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Amanda Williams

What does it mean for an artist to be free? And what does that freedom look like for a contemporary Black artist? Amanda Williams has recently been asking herself these very questions. A Chicago-based visual artist who trained as an architect, Williams, 47, is known for her pieces exploring the nuances of color, both racial and aesthetic. Her breakout work was “Color(ed) Theory,” a 2014-16 series in which she painted eight condemned houses on Chicago’s South Side in vivid, culturally coded shades, such as “Ultrasheen,” a dark turquoise that matches the hue of a Black hair-care product, and “Crown Royal Bag,” a purplish pigment that mirrors the packaging of a popular whisky.

In a 2018 TED Talk, Williams discussed how we perceive color — specifically, how our perceptions are determined by context. One example, she said, was redlining — federal housing maps from the 1930s marked neighborhoods inhabited by Black Chicagoans as red, contributing to policies that prevented many residents from securing loans — which weaponized color and resulted in underinvestment. When the actress Joaquina Kalukango, 32, heard the speech, she was awe-struck. Kalukango is no stranger to powerful works of art: Last year, she received a Tony nomination for best leading actress in a play for her work in Jeremy O. Harris’s searing, passionately debated drama “Slave Play,” which is set on a plantation and follows a trio of modern-day interracial couples whose relationships are stymied by conflicting views on race.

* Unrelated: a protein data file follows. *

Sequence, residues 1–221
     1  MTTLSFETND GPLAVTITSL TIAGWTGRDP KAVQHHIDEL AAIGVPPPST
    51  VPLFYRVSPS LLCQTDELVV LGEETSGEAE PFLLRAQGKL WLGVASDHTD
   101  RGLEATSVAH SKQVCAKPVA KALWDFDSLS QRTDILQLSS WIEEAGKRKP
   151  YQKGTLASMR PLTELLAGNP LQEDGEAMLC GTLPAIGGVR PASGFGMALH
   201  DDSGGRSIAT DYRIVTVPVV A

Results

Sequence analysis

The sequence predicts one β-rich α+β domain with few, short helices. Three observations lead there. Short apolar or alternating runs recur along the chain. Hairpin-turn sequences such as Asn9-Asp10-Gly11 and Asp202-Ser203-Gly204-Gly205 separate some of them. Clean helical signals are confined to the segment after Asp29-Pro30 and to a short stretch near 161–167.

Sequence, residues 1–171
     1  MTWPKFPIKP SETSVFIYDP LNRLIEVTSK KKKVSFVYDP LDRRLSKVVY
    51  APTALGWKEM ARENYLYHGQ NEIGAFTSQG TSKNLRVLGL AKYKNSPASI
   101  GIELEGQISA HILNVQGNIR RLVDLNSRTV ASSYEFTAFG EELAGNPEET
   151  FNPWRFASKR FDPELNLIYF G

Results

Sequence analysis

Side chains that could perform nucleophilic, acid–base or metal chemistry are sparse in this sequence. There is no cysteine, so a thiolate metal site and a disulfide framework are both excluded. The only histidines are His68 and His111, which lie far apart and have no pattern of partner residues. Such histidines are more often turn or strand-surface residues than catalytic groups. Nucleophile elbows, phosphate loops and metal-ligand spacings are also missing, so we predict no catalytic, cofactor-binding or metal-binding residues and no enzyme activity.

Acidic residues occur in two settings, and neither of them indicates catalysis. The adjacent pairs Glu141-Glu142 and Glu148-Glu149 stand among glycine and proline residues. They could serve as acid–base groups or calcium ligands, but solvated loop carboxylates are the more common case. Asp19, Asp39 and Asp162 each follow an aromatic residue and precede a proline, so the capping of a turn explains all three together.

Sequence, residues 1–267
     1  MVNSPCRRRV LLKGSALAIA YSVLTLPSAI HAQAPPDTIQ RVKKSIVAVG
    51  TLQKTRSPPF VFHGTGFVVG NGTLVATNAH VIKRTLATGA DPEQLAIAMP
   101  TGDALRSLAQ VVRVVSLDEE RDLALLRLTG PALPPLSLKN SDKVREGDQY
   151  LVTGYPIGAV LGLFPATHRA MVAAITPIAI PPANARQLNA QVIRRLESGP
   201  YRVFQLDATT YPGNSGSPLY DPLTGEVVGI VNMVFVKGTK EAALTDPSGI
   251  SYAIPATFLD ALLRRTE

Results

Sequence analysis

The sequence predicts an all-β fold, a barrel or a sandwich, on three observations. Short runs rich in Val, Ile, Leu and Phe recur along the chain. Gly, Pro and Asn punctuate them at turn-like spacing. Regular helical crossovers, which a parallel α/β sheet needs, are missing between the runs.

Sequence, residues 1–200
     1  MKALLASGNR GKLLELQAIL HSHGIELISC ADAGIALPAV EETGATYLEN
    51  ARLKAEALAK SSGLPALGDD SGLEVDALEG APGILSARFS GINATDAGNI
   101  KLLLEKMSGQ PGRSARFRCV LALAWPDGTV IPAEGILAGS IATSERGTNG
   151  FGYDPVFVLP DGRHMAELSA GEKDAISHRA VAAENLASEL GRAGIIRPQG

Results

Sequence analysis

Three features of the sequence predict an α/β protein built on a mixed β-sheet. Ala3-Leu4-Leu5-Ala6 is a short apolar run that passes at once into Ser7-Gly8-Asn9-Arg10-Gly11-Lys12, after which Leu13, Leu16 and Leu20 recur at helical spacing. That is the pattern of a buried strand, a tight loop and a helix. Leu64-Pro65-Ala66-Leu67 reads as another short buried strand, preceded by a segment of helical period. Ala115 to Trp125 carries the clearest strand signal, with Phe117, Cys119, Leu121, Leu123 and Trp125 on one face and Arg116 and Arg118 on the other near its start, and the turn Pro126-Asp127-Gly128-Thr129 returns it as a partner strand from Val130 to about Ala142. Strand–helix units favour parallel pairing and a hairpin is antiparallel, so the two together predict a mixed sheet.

One rainy morning in October, Kalukango met Williams at the latter’s studio in Chicago’s Pilsen neighborhood. Kalukango was days away from starting a Chicago run of “Paradise Square,” a musical about the 1863 Manhattan draft riots, in which Irish immigrants turned on the Black neighbors with whom they’d previously peacefully coexisted. (It’s headed to Broadway early next year.) Meanwhile, Williams is expanding on “What Black Is This, You Say?,” an ongoing, multiplatform series of abstract paintings inspired by cultural touchstones and observations related to the Black experience that she showed at Art Basel in Miami Beach this month.

Amid laughter, Williams and Kalukango talked generational differences, the desire to be “regular” and the blurry line between artistic genius and madness.



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